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Denver judge places second Democratic U.S. Senate candidate who failed to collect enough signatures on primary ballot

The ruling in the case of Lorena Garcia's candidacy comes after the same judge placed Michelle Ferrigno Warren on the June ballot

U.S. Senate candidate Lorena Garcia speaks at a senate forum held at Centennial Middle School in Montrose Colo., Sunday Oct. 20, 2019. (William Woody, Special to the Colorado Sun)
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A Denver judge on Thursday placed a second Democratic candidate for U.S. Senate on the June primary ballot even though she didn’t collect enough signatures to qualify for the election.

Denver District Court Judge Christopher Baumann, in a ruling from the bench, ordered that community organizer Lorena Garcia should be on the ballot because she collected more than half the necessary signatures to qualify for the election.

Baumann earlier this month placed nonprofit leader Michelle Ferrigno Warren on the Democratic primary ballot even though she didn’t collect the 10,500 signatures — 1,500 from Democratic voters in each of Colorado’s seven congressional districts — needed. He ruled that the coronavirus crisis created an environment too difficult for her campaign to collect signatures.

Ferrigno Warren collected just over half of the necessary signatures, which Baumann said indicated she had enough support to participate in the primary.

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Garcia also asked to be placed on the ballot given the challenge coronavirus posed in collecting sufficient signatures. She was more than 1,000 short of the required signature threshold, but collected well over half the 10,500 she needed.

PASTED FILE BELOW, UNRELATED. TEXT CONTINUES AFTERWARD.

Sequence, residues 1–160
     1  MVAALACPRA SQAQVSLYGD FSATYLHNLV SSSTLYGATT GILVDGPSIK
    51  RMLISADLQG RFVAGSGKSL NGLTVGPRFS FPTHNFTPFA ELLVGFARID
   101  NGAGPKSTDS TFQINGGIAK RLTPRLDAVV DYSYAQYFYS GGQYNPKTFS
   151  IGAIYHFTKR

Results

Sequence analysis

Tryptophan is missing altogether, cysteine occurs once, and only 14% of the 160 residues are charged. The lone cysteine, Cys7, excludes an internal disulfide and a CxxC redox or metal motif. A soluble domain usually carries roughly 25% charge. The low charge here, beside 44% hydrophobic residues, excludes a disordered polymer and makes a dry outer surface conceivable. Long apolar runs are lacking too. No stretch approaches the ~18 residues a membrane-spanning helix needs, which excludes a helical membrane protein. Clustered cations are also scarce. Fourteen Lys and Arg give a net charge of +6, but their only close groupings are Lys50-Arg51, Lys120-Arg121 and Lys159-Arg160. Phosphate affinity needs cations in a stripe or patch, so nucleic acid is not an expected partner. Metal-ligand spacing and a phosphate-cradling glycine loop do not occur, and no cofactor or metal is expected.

“COVID-19 has turned everyone’s world upside down, including political campaigns, and we are pleased with the decision of the court,” Garcia said in a written statement.

The Colorado Secretary of State Jena Griswold is challenging the ruling in Ferrigno Warren’s case. The Colorado Supreme Court is expected to rule soon in the matter.

It’s not clear how Griswold will proceed in response to the decision in Garcia’s case.

“The Secretary of State’s Office wants to ensure our democratic processes remain accessible and fair, and recognizes the ongoing challenges posed by the coronavirus,” Betsy Hart, a spokeswoman for Griswold, said in a written statement. “In light of this ruling, we will consider the various options and determine that best path forward.”

Ferrigno Warren blasted Griswold for appealing the ruling.

“This reeks of D.C-style politics & everything wrong with our government,” Ferrigno Warren said on Twitter. “The role of the Colorado Secretary of State is to oversee fair & just elections & empower voters at the voting booth, not cherry pick who makes the ballot in the midst of a pandemic.”

Democratic U.S. Senate candidate Michelle Ferrigno Warren speaks to a voter a senate forum held at Centennial Middle School in Montrose on Sunday Oct. 20, 2019. (William Woody, Special to the Colorado Sun)

Already on the June ballot are former Colorado Gov. John Hickenlooper and former state House Speaker Andrew Romanoff.

MORE: Here’s who’s running to unseat Republican U.S. Sen. Cory Gardner in 2020 — and who’s thinking about it

The winner of the June primary will face Republican U.S. Sen. Cory Gardner in November. Gardner, who is in his first term, is considered one of the most vulnerable GOP members of Congress up for reelection this year.

Baumann earlier this week ruled that another Democratic U.S. Senate primary candidate who failed to collect enough signatures to be in the June primary should not be added to the ballot.

Baumann said that because psychologist and climate activist Diana Bray didn’t collect at least half the signatures needed her campaign didn’t show enough support to warrant her being on the ballot.

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